Elizabeth Esty and Clay Cope
The candidates, who had never met, shake hands at the conclusion of their debate.
Clay Cope and Elizabeth Esty, who had never met, shake hands at the conclusion of a recent debate. mark pazniokas / ctmirror.org
Clay Cope and Elizabeth Esty, who had never met, shake hands at the conclusion of a recent debate. mark pazniokas / ctmirror.org

Washington – Overshadowed like other congressional races in Connecticut by the loud and vitriolic presidential race, the matchup between 5th District Democratic Rep. Elizabeth Esty and GOP challenger Clay Cope has been a civil contest between party moderates.

Cope, a Texas native, has lived in Sherman since 1995 and is in his third term as the town’s first selectman.

Esty, who lives in Cheshire, is trying to win her third term in Congress after a contentious and high-profile election two years ago.

Cope, a fiscal conservative who splits with the national Republican Party on some issues and offers lukewarm support for Donald Trump, is running for Congress for the first time.  He’s one of only two openly gay GOP candidates running for Congress; the other is Arizona Sheriff Paul Babeu.

Esty is a member of the New Democrat Coalition, a moderate bloc of Democratic lawmakers led by Rep. Jim Himes, D-4th District, that is likely to grow after the Nov. 8 elections if Democrats pick up seats in “purple,” or swing, districts.

For Esty, this year’s race is very unlike her two previous runs for Congress, when her GOP rivals had plenty of campaign cash to run television commercials, outside groups helped with attack ads and the Democratic Congressional Campaign Committee had to come to Esty’s aid.

Esty won the vacant seat in 2012 with 52 percent of the vote, and was reelected in 2014 with 53 percent.

This year, no help was needed from the DCCC. As of Oct. 19, Esty had raised nearly $1.9 million in this campaign cycle and spent about $784,000 defending her seat. Cope has raised about $103,000.

Connecticut’s congressional delegation is all-Democrat, and this year all GOP challengers have lagged behind the incumbents in fundraising and political profile. “Ninety-three percent of incumbents win re-election,” said Vincent Moscardelli, a political scientist at the University of Connecticut. “The deck is stacked against challengers.”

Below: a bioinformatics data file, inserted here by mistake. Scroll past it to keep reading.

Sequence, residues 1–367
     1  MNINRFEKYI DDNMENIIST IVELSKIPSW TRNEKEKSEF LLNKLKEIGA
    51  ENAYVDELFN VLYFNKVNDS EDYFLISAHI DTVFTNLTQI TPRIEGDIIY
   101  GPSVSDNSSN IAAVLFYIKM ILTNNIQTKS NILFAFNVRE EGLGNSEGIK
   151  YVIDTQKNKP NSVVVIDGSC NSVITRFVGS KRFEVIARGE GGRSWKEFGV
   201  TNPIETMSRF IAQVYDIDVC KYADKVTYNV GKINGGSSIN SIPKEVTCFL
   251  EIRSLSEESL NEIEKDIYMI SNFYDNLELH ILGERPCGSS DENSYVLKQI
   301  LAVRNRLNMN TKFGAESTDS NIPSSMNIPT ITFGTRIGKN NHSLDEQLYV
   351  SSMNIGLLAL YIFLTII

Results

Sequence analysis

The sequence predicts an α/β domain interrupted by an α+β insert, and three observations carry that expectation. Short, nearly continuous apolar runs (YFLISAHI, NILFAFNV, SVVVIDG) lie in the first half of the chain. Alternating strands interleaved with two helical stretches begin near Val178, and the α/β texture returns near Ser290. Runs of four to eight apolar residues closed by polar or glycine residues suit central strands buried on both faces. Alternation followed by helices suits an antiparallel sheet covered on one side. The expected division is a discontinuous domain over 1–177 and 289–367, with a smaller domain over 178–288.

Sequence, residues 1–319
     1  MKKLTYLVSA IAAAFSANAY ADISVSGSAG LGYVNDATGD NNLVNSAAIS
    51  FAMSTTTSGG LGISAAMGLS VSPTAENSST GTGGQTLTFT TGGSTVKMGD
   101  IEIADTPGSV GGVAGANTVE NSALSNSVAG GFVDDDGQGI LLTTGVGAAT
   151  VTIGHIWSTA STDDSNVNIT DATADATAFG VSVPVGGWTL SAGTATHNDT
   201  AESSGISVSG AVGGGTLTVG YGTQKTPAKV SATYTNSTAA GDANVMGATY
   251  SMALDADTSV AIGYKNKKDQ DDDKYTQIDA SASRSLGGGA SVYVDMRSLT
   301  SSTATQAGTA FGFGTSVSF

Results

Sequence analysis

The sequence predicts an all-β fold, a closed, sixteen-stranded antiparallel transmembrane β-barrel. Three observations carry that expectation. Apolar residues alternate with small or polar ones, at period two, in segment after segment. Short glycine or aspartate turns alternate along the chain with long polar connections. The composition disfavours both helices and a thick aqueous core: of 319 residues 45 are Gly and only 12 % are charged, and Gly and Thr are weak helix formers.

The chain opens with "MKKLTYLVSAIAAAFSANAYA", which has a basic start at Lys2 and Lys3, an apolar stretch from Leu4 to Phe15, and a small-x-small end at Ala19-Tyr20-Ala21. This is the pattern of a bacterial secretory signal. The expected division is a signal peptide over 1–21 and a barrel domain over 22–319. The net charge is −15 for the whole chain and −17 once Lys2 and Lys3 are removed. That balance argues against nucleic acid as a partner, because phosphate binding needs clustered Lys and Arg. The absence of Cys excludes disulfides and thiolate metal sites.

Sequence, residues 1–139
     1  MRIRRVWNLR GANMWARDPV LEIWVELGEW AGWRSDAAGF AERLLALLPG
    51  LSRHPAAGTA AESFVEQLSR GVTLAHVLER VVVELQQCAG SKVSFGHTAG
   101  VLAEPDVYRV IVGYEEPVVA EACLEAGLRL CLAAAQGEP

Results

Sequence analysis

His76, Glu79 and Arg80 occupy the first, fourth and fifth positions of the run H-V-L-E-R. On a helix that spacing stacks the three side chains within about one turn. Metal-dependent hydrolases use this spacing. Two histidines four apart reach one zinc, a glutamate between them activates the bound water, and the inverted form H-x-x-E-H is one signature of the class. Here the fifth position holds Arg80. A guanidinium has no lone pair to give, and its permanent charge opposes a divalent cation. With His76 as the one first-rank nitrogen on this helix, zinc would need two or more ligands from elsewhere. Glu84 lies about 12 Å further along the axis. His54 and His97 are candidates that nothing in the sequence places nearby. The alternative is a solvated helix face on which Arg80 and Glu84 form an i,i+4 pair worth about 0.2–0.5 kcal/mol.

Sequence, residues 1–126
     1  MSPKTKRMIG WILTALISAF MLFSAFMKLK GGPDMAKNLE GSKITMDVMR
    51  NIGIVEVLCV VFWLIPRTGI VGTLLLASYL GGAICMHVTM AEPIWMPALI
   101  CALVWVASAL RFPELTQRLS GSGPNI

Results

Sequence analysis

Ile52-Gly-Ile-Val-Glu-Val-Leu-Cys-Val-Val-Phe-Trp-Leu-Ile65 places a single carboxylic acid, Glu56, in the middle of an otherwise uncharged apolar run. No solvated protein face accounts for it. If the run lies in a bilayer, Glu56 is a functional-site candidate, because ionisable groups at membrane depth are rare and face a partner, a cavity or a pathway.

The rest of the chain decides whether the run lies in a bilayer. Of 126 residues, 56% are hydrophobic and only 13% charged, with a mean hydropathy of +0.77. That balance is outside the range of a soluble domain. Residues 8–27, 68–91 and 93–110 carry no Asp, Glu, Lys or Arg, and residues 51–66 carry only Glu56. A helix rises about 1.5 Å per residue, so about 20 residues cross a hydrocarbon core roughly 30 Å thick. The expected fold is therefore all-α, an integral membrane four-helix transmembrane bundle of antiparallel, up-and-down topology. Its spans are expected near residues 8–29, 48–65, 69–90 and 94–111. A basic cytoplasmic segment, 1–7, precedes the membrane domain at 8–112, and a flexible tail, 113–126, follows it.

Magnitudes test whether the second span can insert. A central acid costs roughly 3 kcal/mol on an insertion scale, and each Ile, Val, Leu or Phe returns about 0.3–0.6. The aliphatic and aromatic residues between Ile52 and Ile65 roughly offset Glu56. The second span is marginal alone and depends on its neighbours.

Esty’s last challenger, Republican businessman Mark Greenberg, was able to even the playing field by putting more than $1.6 million of his own money into his campaign.

But there were no big GOP self-funders this year.

Moscardelli also said challengers like Cope had no “window of opportunity” to defeat an incumbent this year. Those windows open when there’s scandal, a big political “wave” that favors a challenger’s party, or a highly popular candidate with “coattails” at the top of the ticket, he said.

“Hillary Clinton is unpopular, but Donald Trump is singularly unpopular, and he sucks up all the air in the room,” Moscardelli said. “There is no space there for an unknown candidate to get the word out.”

There’s a third candidate in the race, John Pistone, who is running as a write-in and says Cope is not conservative enough for the GOP.

Running on their records

Esty said the biggest difference between this and her previous races for Congress is that she has greater name recognition and goodwill because of the constituent services she and her staff have provided. “Because I’ve been working hard in the district, more people know who I am,” she said.

She’s run just one television ad that featured a “Gold Star” father who lost his son in combat and has largely based her campaign on attending events and canvassing the sprawling 5th District, the most Republican-leaning in the state.

“I love knocking on doors,” she said.

Esty says she’s also running on her record.

She’s secured additional transportation funds for the state and shepherded several small bills into law, despite her position as a junior member of the minority party in the U.S. House of Representatives.

Elizabeth Esty and Clay Cope
Elizabeth Esty and Clay Cope

One, the Gold Star Fathers Act, extends hiring preferences for federal jobs to fathers of military men and women who lost their lives or were severely disabled in service to the nation. She also won passage of amendments that included a consumer education campaign to help children and adults understand the risks of opioid addiction and a new pain management program for Medicare beneficiaries in a bill aimed at fighting addictions.

Other wins included a measure that made teachers of computer science eligible for grants in a STEM education bill and legislation that helps communities clean up abandoned, often contaminated former industrial properties.

Esty also touts her constituent services, saying her office has been able to return $10 million to constituents who had problems with Social Security checks or other monies due them from the federal government. She also said she’s secured medals for World War II veterans who were overlooked and visas for constituents who sought to bring family members from overseas for funerals or to visit the critically ill.

Cope is running on his experience managing Sherman and on the need for change.

He criticized Esty for hanging copies of the bills she’s pushed through Congress “which do nothing to ease the everyday burdens facing the people of the 5th District, on the walls of  her Washington, D.C., office.” Cope also says Esty hasn’t done enough to bring federal dollars to the state.